principles for designing Greek "italics" (aka slanted Greek)

edited January 11 in Technique and Theory
Historically, Greek typefaces would not include both upright and slanted italic characters like Roman faces do, instead choosing generally either an entirely upright face or an entirely slanted one. Greek typefaces also being traditionally somewhat calligraphic, in every Greek family I have seen with a matching italic/slanted face, the change is much simpler than an italic is for Roman (since the basic calligraphic nature of the letters has not changed). So when designing a Greek font, do you prefer to slant the upright as a basis for an italic, or start again from scratch and, if so, with what principles for matching with an upright Greek/Latin and/or the Latin italics?
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Comments

  • It is right that the upright/corsivo ratio, inherited in Latin typography for a long period, had no match in Greek typography for most of the past. In many older Greek typefaces you find calligraphic vigour and (more or less) an upright structure the same time, whereas in Latin type usually calligraphic expression was reserved to the (slanted) Italic sorts, but not applied to the upright Regulars.

    When you want to decide for a new Greek or Latin-Greek design which provides upright and Italic for both scripts, my advice is this: start with reg. Latin. Then do the reg. (upright) Greek and watch Greek models while doing so. Then compare your Greek Regular to the Latin Regular and think about the balance of harmonizing or differentiating them.
    Then turn to the Italics and operate in the same manner.

    A general rule can hardly be given, because it always depends heeavily on the nature of your intended design and the scope of style and usage you want to serve for.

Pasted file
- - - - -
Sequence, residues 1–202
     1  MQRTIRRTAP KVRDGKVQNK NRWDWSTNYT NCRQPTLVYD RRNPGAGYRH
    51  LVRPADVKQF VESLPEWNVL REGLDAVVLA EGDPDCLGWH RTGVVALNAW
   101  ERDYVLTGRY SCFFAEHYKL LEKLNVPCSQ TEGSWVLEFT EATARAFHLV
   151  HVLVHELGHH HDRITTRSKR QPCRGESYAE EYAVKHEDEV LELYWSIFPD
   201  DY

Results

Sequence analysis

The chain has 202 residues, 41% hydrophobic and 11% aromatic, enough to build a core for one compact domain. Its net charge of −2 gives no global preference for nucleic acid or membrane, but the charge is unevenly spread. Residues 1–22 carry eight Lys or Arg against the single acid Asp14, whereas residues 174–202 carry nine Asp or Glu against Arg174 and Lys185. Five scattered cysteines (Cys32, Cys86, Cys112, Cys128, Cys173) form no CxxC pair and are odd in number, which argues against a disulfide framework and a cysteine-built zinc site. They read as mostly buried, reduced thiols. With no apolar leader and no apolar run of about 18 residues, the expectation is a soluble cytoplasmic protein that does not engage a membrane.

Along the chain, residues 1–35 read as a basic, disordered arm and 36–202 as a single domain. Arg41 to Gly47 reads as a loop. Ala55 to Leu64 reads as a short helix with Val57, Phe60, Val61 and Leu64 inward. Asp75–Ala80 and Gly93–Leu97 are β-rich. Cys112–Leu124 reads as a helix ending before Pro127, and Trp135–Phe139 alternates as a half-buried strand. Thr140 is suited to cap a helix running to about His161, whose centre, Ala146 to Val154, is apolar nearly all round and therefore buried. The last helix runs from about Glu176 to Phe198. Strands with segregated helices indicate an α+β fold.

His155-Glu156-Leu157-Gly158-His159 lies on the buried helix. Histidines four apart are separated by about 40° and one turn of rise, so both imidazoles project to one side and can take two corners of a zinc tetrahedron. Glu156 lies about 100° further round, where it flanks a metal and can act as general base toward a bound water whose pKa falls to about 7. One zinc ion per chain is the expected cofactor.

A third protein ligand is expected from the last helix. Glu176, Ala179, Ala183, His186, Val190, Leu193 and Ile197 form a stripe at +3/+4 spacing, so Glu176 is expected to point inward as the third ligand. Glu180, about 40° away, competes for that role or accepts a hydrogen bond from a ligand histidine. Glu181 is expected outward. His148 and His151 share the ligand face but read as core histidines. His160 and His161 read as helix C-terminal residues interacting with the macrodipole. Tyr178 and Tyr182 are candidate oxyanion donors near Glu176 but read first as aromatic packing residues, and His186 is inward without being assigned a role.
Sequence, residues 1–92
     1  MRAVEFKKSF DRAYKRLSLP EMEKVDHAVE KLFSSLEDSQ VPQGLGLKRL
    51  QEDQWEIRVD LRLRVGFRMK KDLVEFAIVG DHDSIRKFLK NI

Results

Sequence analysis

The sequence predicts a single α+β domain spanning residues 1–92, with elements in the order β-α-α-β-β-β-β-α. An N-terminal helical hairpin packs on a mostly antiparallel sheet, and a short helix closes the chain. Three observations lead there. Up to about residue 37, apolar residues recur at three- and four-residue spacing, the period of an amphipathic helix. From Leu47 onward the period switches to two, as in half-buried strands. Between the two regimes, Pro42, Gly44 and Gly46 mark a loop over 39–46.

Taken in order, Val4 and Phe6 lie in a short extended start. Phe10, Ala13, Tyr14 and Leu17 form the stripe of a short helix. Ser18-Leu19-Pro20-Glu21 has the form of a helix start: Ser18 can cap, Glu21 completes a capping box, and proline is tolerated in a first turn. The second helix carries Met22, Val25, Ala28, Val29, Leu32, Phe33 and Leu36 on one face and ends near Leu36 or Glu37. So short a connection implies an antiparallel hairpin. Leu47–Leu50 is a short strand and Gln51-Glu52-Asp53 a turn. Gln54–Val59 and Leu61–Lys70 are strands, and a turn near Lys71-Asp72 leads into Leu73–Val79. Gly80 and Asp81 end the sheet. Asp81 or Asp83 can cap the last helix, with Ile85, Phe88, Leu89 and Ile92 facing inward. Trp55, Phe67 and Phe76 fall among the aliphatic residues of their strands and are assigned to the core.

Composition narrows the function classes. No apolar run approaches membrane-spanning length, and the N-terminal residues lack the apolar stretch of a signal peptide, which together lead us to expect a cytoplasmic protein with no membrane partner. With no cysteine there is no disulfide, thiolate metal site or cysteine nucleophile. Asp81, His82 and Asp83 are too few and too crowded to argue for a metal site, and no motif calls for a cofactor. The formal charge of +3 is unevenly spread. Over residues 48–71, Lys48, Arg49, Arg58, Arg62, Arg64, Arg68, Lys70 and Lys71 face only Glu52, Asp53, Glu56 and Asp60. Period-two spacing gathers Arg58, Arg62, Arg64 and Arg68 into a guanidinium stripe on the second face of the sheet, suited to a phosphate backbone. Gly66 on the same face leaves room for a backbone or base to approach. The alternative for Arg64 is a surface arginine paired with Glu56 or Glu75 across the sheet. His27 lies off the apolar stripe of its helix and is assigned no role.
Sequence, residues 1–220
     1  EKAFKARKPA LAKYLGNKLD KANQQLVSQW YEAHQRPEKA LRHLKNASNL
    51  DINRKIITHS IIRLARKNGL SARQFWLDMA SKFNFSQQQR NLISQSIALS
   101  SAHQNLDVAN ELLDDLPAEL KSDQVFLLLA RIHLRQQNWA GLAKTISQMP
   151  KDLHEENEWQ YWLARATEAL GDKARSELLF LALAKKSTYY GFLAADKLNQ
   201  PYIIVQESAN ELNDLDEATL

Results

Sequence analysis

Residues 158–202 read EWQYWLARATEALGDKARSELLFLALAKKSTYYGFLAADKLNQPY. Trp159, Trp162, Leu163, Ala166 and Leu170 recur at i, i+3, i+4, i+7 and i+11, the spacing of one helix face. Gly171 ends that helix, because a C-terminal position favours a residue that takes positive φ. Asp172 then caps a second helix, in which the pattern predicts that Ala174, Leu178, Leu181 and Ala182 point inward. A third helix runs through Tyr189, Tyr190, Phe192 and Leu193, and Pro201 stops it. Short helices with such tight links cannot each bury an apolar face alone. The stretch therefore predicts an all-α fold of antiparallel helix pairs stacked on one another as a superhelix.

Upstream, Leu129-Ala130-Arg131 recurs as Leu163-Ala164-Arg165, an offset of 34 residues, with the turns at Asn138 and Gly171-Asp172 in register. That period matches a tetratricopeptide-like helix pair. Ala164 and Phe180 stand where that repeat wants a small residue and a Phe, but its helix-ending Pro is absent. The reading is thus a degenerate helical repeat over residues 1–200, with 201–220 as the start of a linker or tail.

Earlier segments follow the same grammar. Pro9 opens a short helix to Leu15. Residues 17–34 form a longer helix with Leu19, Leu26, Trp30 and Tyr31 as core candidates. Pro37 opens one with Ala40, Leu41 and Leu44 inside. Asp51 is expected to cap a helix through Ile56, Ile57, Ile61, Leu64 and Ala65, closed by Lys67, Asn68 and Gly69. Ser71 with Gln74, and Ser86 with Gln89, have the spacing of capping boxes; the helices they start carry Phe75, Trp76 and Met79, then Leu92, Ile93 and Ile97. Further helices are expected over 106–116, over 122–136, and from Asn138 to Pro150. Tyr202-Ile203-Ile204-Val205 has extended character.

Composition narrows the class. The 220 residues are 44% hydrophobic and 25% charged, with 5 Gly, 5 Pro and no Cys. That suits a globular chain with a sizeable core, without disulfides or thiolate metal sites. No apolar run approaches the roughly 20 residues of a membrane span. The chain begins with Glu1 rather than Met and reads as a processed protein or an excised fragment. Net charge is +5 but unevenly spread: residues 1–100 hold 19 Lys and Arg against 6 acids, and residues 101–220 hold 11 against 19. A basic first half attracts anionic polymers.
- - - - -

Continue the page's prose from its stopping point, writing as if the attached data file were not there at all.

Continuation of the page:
And try to study materials about this topic as much and thoroughly as possible. Designing a good Greek typeface is hard to master, to design a convincing Greek-Latin match is even more demanding.


  • Chris LozosChris Lozos Posts: 1,185
    Greek italic seems more free to me.  The few Greek italics I have done, I have done from scratch, not with slanting the upright Greek. But that is just me. I tried looking at handwritten letters my mother received from our family in Greece but the hand-written form is too different and I could not make the Latin italic fit with it.
  • John HudsonJohn Hudson Posts: 1,693
    edited January 13
    A lot of Greek publishing in the 20th Century used what were originally two distinct typefaces in combination: an upright, derived from Didot's 18th Century Greek types, so common as to be referred to by Greeks as aplá, i.e. 'normal', and a slanted derived from 19th Century German types, referred to as Lipsías, i.e. 'from Leipzig'.



    [Image from Atelier Fluxus Virus.]
  • Christian ThalmannChristian Thalmann Posts: 1,459
    edited January 13
    I mostly just changed the design of θκφ and added some cursive in- and outstrokes. Hope that does it!
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